As he showed so brilliantly in The Autopsy of Jane Doe (for real, check out that underseen gem), Øvredal has a way with creating a distinct atmosphere that greatly influences the overall feel of the production. Though set in 1968, the movie isn’t screaming ‘60s and Øvredal puts more emphasis in fleshing out the Bellows mansion and, later, a hospital that holds key clues to the mystery. I only wish once we were in these locations Øvredal was able to turn the dial on frights a few degrees higher. It’s all appropriately creepy but never truly scary, like the filmmakers were afraid (or opposed?) to delivering what seems inherently promised by the title.  Aside from several notable sequences that achieved their desired impact of raising both goosebumps and pulses, there’s a curious lack of follow-through despite a valiant set-up.  A creepy scarecrow turns out to look more menacing than he actually is, a toe-less ghoul is all moan but no mayhem, a plain teenage zit harbors the best pop for your buck even if it’s achieved with some iffy CGI.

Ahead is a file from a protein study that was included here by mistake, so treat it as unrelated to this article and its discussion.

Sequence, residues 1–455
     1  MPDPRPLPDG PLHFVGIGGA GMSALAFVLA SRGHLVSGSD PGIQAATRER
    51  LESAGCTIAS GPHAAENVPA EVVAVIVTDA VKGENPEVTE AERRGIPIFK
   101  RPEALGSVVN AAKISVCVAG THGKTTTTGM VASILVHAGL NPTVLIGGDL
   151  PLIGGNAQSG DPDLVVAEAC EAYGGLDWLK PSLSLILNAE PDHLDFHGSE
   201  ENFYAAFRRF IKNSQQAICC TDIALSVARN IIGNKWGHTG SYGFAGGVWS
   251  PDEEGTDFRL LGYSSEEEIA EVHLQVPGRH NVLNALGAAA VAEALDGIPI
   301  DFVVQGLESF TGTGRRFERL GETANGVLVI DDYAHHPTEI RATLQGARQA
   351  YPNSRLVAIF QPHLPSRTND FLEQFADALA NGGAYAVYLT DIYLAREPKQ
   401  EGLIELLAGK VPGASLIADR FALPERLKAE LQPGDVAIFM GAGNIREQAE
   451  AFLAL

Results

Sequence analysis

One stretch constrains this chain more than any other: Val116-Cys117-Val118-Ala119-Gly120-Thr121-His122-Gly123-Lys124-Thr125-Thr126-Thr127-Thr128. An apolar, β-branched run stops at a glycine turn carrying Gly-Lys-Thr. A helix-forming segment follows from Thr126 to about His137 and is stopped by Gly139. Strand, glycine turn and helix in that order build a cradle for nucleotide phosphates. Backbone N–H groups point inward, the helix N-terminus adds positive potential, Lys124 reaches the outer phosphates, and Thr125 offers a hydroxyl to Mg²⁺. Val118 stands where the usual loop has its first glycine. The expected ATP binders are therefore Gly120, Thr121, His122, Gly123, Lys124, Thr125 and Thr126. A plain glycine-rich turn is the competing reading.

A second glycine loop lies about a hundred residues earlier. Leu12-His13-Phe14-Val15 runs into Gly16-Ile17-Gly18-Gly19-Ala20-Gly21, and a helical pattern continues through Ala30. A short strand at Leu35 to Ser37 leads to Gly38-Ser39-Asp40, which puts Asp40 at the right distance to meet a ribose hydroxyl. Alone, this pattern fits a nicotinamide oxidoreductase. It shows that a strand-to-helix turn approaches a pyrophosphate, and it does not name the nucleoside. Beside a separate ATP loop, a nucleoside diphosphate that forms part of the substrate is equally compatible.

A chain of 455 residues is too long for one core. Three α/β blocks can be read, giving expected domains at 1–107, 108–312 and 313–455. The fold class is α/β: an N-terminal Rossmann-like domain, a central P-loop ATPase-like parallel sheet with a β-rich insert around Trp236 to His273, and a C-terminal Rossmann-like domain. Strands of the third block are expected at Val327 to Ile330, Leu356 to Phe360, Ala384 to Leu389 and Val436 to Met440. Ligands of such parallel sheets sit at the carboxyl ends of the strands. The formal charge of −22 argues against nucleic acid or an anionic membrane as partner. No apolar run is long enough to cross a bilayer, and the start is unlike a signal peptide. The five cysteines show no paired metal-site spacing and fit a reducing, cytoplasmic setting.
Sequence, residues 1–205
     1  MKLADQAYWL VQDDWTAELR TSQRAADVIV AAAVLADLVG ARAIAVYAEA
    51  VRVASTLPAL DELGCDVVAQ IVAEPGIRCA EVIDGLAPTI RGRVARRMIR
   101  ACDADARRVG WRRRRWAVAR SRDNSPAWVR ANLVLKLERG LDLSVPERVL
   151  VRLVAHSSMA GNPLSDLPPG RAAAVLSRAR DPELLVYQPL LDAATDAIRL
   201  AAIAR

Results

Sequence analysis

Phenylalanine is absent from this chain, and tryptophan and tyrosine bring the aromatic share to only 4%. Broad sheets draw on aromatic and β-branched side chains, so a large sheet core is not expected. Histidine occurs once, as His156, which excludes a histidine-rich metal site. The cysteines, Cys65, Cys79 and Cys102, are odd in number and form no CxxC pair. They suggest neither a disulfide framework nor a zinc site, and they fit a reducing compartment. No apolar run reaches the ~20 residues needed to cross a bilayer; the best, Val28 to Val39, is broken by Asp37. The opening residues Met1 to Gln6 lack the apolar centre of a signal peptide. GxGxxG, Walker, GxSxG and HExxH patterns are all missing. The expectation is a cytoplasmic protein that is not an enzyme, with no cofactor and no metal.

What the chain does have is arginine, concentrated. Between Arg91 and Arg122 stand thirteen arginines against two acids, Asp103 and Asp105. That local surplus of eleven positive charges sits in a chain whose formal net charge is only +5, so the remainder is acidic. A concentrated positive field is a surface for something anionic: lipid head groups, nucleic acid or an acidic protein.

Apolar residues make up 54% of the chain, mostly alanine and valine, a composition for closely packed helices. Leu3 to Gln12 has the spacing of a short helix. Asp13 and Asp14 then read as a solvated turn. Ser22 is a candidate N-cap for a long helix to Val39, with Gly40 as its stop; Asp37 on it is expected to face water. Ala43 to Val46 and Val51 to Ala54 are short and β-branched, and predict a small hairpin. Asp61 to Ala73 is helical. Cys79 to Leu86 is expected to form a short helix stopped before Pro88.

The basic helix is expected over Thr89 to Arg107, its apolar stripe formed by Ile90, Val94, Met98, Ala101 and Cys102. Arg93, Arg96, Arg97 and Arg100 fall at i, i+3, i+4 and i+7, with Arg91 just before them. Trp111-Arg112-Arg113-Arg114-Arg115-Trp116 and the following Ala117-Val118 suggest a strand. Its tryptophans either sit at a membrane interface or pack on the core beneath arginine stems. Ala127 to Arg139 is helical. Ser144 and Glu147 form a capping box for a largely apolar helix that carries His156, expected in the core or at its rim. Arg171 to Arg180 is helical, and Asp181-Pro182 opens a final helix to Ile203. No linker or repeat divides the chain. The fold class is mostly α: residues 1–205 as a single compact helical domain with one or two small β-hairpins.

Maybe I’m being too hard on the movie though. Perhaps the books were meant for my generation while this film is intended as a low-impact primer for budding (young) horror fans. After all, reading the books opened up my imagination to run wild with the delightfully demented legends Schwartz included. So could it be that Øvredal and del Toro held back from giving the full horror monty to viewers in the hopes they would create some of the scares themselves in their minds? It seems a bit of stretch but at the same time this isn’t your standard cut and paste waste of space either. There’s some sophistication to the movie, for sure, just not the quality scares I had came looking for.